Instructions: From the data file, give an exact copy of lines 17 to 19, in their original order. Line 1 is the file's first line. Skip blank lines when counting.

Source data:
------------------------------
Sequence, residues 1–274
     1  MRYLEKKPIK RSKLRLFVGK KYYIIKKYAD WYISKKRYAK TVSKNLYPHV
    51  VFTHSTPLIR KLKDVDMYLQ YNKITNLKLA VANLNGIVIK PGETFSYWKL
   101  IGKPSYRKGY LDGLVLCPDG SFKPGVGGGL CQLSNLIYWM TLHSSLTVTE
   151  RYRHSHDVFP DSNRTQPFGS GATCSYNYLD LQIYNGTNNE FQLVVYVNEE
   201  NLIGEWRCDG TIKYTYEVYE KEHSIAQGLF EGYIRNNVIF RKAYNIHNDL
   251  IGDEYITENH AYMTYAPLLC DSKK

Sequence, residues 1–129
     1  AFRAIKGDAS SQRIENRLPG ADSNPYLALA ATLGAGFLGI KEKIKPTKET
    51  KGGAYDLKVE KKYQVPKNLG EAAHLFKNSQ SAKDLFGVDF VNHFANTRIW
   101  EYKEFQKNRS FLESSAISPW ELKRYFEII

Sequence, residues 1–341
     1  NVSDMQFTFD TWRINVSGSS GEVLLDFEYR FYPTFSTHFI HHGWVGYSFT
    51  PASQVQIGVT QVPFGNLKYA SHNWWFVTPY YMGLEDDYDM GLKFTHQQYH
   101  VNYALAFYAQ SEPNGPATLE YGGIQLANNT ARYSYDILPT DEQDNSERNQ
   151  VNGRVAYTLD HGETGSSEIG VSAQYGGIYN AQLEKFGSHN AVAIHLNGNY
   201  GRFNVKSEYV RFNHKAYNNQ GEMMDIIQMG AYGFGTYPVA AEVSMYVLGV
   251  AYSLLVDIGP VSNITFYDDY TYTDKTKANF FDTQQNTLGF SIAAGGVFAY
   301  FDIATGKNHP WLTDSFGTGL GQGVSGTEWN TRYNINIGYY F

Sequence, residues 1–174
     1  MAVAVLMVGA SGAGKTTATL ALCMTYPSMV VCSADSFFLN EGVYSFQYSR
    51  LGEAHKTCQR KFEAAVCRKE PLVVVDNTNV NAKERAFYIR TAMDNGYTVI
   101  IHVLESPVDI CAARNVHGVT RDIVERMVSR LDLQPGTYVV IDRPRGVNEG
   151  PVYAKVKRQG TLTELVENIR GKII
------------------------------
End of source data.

   201  GRFNVKSEYV RFNHKAYNNQ GEMMDIIQMG AYGFGTYPVA AEVSMYVLGV
   251  AYSLLVDIGP VSNITFYDDY TYTDKTKANF FDTQQNTLGF SIAAGGVFAY
   301  FDIATGKNHP WLTDSFGTGL GQGVSGTEWN TRYNINIGYY F